Carlson: Why Big Ten, Pac-12 postponements made the saddest of days
Tuesday evening, as the shock of the afternoon’s news started to settle in and the darkness of the future’s reality began to resonate, one emotion kept bubbling to the surface.
This was perhaps the saddest day in a string of sad days in the sports world. A global pandemic will cast a dark pall, and while sports has provided rays of light — professional soccer leagues restarted around the world, then baseball and basketball and hockey followed their lead — it was almost impossible to find any good Tuesday.
The Big Ten postponed football. The Pac-12 decided it wouldn’t play any sports until 2021. Even though the Big 12 decided not to take any action about fall sports and avoided a complete shutdown of college football for now, this was a rough day.
I know a lot of sports lovers are angry right now. You don’t have to look far to see people playing the blame game. Some athletes are calling out their schools and their teams for not doing enough while other athletes are making demands of their conferences to play. Coaches are calling out their conferences. Even folks in the sports media world have turned on each other.
Some of my brethren have said there are reporters who want this college football season to be canceled when in reality a canceled college football season puts all our jobs in jeopardy.
- Related to this story
- Article: Tramel: Why a temporary Big 12/Nebraska alliance could work
- Article: Reports: Big 12 to move forward with fall football
- Article: OSU and OU football: Loss of college football could be financially devastating for state athletic departments
- Article: Power 5 Conferences have the autonomy they desired
- Article: Tramel: Please, OU & OSU football fans, show some grace on ticket distribution
- Article: OU football schedule breakdown: Longhorns figure to be biggest challenge for Sooners in 2020
- Article: Tramel: Big 12 football status rises during the COVID-19 pandemic
- Article: OSU football: Spencer Sanders, Tim Rattay built relationship through pandemic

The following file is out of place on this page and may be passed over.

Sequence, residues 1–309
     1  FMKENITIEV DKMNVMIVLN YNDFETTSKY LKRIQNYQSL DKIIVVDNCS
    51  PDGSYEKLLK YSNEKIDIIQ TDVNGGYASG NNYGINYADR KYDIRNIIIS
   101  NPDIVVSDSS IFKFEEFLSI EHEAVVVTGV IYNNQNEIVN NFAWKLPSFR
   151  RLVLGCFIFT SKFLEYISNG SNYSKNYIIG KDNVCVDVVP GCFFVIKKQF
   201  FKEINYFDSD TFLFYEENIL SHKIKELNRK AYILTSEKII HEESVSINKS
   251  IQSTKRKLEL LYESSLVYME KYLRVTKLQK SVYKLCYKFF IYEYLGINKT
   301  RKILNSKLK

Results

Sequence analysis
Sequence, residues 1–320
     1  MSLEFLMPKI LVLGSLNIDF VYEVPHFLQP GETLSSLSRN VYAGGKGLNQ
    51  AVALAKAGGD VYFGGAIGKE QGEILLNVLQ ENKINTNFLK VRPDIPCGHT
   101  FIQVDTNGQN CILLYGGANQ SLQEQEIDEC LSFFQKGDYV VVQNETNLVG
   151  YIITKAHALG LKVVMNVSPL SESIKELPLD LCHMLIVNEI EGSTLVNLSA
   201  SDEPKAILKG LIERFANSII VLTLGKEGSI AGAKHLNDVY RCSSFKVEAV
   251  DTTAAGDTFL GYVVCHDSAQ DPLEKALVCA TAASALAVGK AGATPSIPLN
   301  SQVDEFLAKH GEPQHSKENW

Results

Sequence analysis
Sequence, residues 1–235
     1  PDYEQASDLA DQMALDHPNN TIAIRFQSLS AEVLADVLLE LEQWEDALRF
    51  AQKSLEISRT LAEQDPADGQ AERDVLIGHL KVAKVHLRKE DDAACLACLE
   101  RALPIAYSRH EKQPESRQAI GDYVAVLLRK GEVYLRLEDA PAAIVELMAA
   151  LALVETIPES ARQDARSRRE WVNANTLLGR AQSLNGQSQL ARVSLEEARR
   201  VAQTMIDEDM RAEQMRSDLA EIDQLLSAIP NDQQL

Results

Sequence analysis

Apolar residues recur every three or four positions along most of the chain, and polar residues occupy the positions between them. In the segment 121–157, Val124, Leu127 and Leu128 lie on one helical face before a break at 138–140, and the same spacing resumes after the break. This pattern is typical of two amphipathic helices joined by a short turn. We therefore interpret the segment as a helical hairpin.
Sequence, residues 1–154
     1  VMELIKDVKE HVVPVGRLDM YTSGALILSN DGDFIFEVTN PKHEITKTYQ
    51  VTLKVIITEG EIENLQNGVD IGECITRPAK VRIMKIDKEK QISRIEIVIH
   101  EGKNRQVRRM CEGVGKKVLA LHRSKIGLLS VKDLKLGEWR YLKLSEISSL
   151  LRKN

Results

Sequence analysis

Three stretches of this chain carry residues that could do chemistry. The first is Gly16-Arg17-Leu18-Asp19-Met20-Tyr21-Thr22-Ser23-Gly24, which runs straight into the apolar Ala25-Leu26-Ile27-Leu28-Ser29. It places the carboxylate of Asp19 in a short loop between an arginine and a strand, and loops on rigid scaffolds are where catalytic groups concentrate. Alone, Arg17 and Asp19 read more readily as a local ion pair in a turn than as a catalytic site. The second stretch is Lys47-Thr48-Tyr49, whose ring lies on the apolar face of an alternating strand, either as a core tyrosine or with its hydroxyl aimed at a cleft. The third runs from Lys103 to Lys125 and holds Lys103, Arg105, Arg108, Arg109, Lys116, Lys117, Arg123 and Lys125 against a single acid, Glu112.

- Article: OSU football: Cowboys add transfer receiver Tay Martin from Washington State, but where does he fit in?
- Article: OKC Thunder: NBA rules Dennis Schroder fouled Eric Gordon on inbounds turnover
- Article: OSU football: As many as seven true freshmen could play for Cowboys
But as much as anything, it’s sad.
While everyone is bickering, I can’t help but think about all the people, all the human beings with brains and hearts and feelings who have taken a direct gut punch.
What about Owasso product Josh Proctor or Tulsa native Dax Hill? The defensive backs play in the Big Ten, Proctor at Ohio State, Hill at Michigan. Can you imagine what they must be going through right now?
Tuesday morning, they were preparing for a season.
Tuesday evening, they weren’t sure which way was up.
And those are just two players among thousands who suddenly find themselves without a season. Maybe they’ll get to play in the spring. Maybe not. Either way, this wasn’t what they envisioned these past few months as they figured out ways to stay in shape, made the most of their situations, then returned to campus with high hopes of playing.
I have long worried about the young adults in this scenario. Would it be safe for them to play during a pandemic? But now, the worry is compounded. What about depression? Anger? Sorrow?
Frankly, the same worry exists for the older adults in this equation. That includes coaches, sure, but they are just the tip of the college football iceberg. There are so many other folks who operate under the surface of the water, holding up college athletics and making their living through them.
There’s the support staff who do recruiting and fundraising and student life and academics and counseling and nutrition and so many other jobs. But there are others who are the lifeblood of game days. Ticket takers. Parking lot attendants. Security guards. Concession stand workers. Ushers. Janitors.
What about them?
Businesses in college towns will take a hit, too. Restaurants, bars and hotels depend on game days like big-box stores depend on Christmas shoppers. There will be closures. There will be layoffs.
The ripples just keep going.
And then, there are the societal implications of what happened Tuesday. We live in the greatest country in the world, and yet, the decision to push off a big chunk of the college football season is another sign we have failed to rally together to get this virus under control. We don’t care about our fellow man enough to wear a mask and keep our distance and do what needs to be done to get the case numbers down to make luxuries like football a reality.
We want football in Norman and Stillwater this fall? Heck, more than 164,000 Americans have already died, and if we add another 10,000 or so — a number we’re sadly sure to reach — that would equal the combined population of Norman and Stillwater.
Americans have given shared sacrifice the middle finger.
All of this makes me tired and sad.
A few months ago, I heard a wise man acknowledge these dark days and their difficulties. We get down. We lose hope. But in darkness, we also sleep and rejuvenate and dream. Great things can come from the darkness.
I believe that.
But the darkness is getting mighty depressing. I am ready to see the light again.
Jenni Carlson: Jenni can be reached at 405-475-4125 or firstname.lastname@example.org. Like her at facebook.com/JenniCarlsonOK or follow her at twitter.com/jennicarlson_ok.